Public debt and intergenerational ethics: how to fund a clean technology 'Apollo program'?

Climate Policy 21 (7):976-82 (2021)
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Abstract

If the present generation refuses to bear the burden of mitigating global heating, could we motivate sufficient action by shifting that burden to our descendants? Several writers have proposed breaking the political impasse by funding mitigation through public debt. Critics attack such proposals as both unjust and infeasible. In fact, there is reason to think that some debt financing may be more equitable than placing the whole burden of mitigation on the present generation. While it might not be viable for all countries to take this route simultaneously, a vanguard state, or group of states, could use public debt to fund an ambitious programme to develop inexpensive forms of clean low- or no-emission technology. This would ensure that vanguard actor or set of actors a leading role in those sectors while at the same time benefiting future generations around the world. Key policy insights: (a) Debt-financed clean technology research can shift part of the burden of greenhouse gas mitigation to our descendants, breaking the political impasse of inaction or delayed action. (b) Far from being an injustice to future generations, this could actually be fairer than expecting the present generation to bear the full burden of mitigation. (c) Such an initiative may be most feasible if pursued by a vanguard actor.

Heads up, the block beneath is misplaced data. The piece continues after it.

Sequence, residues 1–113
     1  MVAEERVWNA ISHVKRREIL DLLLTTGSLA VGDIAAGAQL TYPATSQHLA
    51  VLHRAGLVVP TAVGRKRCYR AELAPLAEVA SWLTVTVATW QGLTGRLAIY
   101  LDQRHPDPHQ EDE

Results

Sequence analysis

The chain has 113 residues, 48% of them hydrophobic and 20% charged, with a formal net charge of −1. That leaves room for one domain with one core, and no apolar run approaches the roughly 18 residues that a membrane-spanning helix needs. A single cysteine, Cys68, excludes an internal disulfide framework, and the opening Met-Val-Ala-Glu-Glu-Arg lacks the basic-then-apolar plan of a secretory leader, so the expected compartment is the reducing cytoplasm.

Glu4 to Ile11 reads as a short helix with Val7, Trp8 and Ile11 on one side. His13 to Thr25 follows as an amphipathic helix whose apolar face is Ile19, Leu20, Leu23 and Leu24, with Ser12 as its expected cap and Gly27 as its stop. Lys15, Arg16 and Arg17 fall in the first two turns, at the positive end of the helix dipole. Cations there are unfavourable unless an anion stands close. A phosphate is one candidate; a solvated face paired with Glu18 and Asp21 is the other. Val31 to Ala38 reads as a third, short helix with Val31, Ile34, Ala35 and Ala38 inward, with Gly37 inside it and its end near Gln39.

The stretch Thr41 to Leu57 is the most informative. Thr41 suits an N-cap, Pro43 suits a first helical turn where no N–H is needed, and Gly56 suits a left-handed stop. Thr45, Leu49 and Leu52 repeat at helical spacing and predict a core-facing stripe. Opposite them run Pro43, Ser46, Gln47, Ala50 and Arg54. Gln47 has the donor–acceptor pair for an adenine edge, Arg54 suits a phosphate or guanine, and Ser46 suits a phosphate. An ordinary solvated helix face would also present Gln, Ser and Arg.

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Matthew Rendall
University of Nottingham

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References found in this work

What we owe to each other.Thomas Scanlon - 1998 - Cambridge: Belknap Press of Harvard University Press.
Two Kinds of Climate Justice: Avoiding Harm and Sharing Burdens.Simon Caney - 2014 - Journal of Political Philosophy 22 (2):125-149.

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